A dynamic duo, Beverly Bond and Janann Sherman
Jan 2, 2013, 11:55 a.m.
By John Harkins, Ph.D. - Special To The Best Times
When called upon to introduce them, I generally refer to University of Memphis history professors Dr. Beverly Bond and Dr. Janann Sherman as “local history’s dynamic duo.” Unlike many of their fellow denizens in academe’s ivory towers, they project no scholarly distain at the mention of state and local history. They realize that, like the late U.S. House Speaker Tip O’Neill’s view of politics, all history is essentially local. Although they have gone through all of the academic hoops to earn their credentials and have each published a number of scholarly works, they have also published popular illustrated histories, devoted to Memphis and Tennessee. In a good bit of their published work, they have collaborated with each other. Not only have they co-authored such works, they are also willing to lecture jointly and to share their knowledge, perspectives and humorous anecdotes with their audiences. Finally, both of them have not only lectured before the West Tennessee Historical Society, each has also served “hard time” on the group’s executive board. Sherman has served a two-year term as president of WTHS, and Bond has served as one of its vice-presidents and at-large.
Both scholars have done cutting edge research in the areas of gender and ethnic studies. In their collaborative efforts they co-authored “Memphis in Black and White” and “Beale Street” (“Images of American Series”), both books published by Arcadia Publishing. Both women also have articles appearing in “Tennessee Women: Their Histories, Their Lives.” Bond’s article in this book of biographical sketches is “Milly Swan Price: Freedom, Kinship, and Property,” the story of an antebellum free woman of color. Sherman contributed “Phoebe Fairgrave Omlie: Wing Walker, Parachute Jumper, Air Racer” about the Memphis area’s most famous pioneer aviatrix. Bond and Sherman also co-authored two somewhat parallel books on the history of their institution. One is a “coffee table” style illustrated hardback entitled “Dreamers, Thinkers, Doers: A Centennial History of the University of Memphis.” The second is “The University of Memphis,” a paperback history also issued by Arcadia Publishing. Both books appeared as part of the university’s centennial observances in 2012.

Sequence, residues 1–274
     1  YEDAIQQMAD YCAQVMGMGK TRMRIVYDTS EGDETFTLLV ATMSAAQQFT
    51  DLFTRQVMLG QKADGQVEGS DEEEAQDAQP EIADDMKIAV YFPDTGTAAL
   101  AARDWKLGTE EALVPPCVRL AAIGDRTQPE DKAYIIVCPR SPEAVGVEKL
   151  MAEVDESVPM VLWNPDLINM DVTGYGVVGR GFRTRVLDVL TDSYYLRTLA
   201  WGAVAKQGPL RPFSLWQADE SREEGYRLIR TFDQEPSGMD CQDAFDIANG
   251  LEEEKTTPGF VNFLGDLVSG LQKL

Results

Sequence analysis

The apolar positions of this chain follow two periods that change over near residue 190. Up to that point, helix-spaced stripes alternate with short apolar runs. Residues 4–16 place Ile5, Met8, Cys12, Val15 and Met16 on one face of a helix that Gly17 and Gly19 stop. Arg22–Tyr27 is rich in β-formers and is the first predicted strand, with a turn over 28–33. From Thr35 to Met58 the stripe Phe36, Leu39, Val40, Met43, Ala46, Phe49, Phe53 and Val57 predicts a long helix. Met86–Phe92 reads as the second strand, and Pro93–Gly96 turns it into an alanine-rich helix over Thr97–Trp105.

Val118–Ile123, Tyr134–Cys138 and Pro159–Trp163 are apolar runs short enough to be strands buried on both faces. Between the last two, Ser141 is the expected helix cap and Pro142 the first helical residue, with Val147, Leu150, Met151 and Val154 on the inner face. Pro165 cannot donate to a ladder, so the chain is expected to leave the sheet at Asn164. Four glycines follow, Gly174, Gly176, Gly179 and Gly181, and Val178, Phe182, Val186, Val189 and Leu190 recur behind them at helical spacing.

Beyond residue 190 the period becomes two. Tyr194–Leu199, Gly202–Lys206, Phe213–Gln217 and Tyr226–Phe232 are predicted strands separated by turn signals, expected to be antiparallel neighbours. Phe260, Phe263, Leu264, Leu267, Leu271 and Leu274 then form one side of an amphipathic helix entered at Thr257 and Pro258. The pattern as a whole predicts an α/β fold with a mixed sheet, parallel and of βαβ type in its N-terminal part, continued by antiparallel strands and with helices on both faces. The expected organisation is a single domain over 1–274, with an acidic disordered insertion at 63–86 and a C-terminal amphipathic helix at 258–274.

Sherman also gives Omlie a book-length biography in “Walking on Air: The Aerial Adventures of Phoebe Omlie.” Sherman earlier had co-authored “The Perfect 36: Tennessee Delivers Woman Suffrage” with Memphian Carol Lynn Yellin. Sherman also penned a biography of Maine’s ground breaking U.S. senator entitled “No Place for a Woman: A Life of Senator Margaret Chase Smith.” Bond co-edited volume one of “Tennessee Women” with Sarah Wilkerson Freeman and is currently working with scholars in editing volume two.
Both Bond and Sherman have also published ample book chapters, and encyclopedia and journal articles. In addition to teaching their classes and grading papers, both women shoulder significant administrative responsibilities for the university. Sherman is chairwoman of the university’s history department, which may be a lot like herding cats. Bond served as the university’s director of African and African-American Studies programs for about 10 years, for which she earned the 2012 Dean’s Award for Advising Excellence. She also served a two-year term as chairwoman of Humanities Tennessee and a one-year term as president of the Southern Association for Women Historians.
One has to wonder what these dynamic ladies and powerful partners do with their spare time.
John Harkins is archivist at Memphis University School and president of the West Tennessee Historical Society.
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